9/7 - BOOKMARKS Festival, Winston-Salem. 12:30 and 4 pm.
9/9- Elliott University Center Auditorium UNCG, 7 pm.

Monday, October 21 —”Loving Jane” a public discussion led by Dr. Hephzibah Roskelly about Jane Austen and why she is so popular 200 years after Pride and Prejudice was first published (part of a series still being developed to celebrate Austen).  Virginia Dare Room, Alumni House, 7 pm.

Tuesday, October 29 —Author Jill McCorkle reading from her new book Life After Life and signing copies of her books, Virginia Dare Room, Alumni House, 4 pm. 

Saturday, November 9—Women Veterans Historical Project Luncheon and Panel Discussion.  For more information contact Beth Ann Koelsch at bakoelsc@uncg.edu or 336-334-5838.  Fee, discount for veterans.  Sponsorship tables available.

Friends of the UNCG Libraries Book Discussions 
For more information, contact Kimberly Lutz at 336-256-8598. Free.

Monday, September 16 — Book discussion of The New Jim Crow: Mass Incarceration in the Age of Colorblindness by Michelle Alexander led by Steven Cureton, Hodges Reading Room, Jackson Library 4 pm.

Monday, October  7—Book Discussion of The Swerve: How the World Became Modern, by Stephen Greenblatt led by David Wharton, Hodges Reading Room,  Jackson Library 7 pm.

Monday, November 4 — Book Discussion of The Colony: The Harrowing True Story of the Exiles of Molokai, by John Tayman, led by Janne and Rob Cannon, Hodges Reading Room, Jackson Library, 4 pm.

Monday, July 1, 2013

Jackson Library Landscape Project - An Update


Visitors to Jackson Library from the College Avenue side of the building through the portico entrance will notice some changes this summer.  Installation of the new landscaping is to begin Friday, July 19, and is expected to be largely completed by the end of July.
 
The Board of Directors of the Friends of the UNCG Libraries announced a special initiative at the annual dinner in the spring to revitalize that landscaping. "The Library has traditionally been a photogenic centerpiece, and we want to return it to that status," said board member Laura Tew.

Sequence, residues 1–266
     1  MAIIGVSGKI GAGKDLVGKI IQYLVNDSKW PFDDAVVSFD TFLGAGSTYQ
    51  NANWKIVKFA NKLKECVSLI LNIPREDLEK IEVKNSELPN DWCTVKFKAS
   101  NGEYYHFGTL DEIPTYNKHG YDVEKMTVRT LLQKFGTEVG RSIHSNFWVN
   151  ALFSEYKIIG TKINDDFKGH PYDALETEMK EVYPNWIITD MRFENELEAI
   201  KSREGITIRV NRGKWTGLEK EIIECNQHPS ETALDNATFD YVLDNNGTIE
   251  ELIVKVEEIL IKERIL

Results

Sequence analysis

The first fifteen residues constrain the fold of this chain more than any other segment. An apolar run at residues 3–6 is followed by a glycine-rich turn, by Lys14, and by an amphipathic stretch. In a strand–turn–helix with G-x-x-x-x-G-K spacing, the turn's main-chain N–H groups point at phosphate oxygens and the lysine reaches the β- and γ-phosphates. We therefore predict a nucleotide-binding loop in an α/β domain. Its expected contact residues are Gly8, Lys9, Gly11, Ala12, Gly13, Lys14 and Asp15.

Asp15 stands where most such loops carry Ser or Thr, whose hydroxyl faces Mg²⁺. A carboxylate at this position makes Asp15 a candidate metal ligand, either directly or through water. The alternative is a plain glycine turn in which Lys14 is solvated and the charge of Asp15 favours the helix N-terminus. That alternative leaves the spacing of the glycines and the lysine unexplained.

With Board approval and financial support, award winning UNCG Grounds Manager Chris Fay commissioned Christine Russell of New Earth Design to craft the proposed landscape design to incorporate sustainability principles, including:

  * minimal demands for water and fertilization;

  * food and protection for local songbirds; and

  * minimal upkeep requirements. 
 
 
The Jackson Library portico facing College Avenue will be accentuated by Graham Blandy boxwood, dwarf Burford hollies and Kay Paris magnolias. The Yoshino cherry & Jane magnolia trees will be highlighted by hydrangeas and flowering Kaley rose mountain grass, seasonally colorful shrubs, annuals, and perennials. Bluestone slate will lead to the brick sitting wall where library passersby can congregate or rest.   All in all, it’s a landscape of which we can be proud.

 
With almost 80% of the $25,000 goal raised, we are beginning work on installing the landscape this summer while most students are away, and to get the grass well established before school starts. 
 
To meet our fund-raising goal of $25,000 to complete the project, the Friends of the UNCG Libraries are accepting tax-deductible contributions. The Board hopes to raise the rest of the necessary funds by September 1.  When we reach the $25,000 goal, we have been given permission to install a brass sign indicating that the garden was created by the Friends of the UNCG Libraries.
 
Donations can be made online here. Checks can be made out to UNCG and mailed to Advancement Services, PO Box 26170, Greensboro, N.C. 27402-6170. Please put Jackson Library Landscaping Project on the memo line.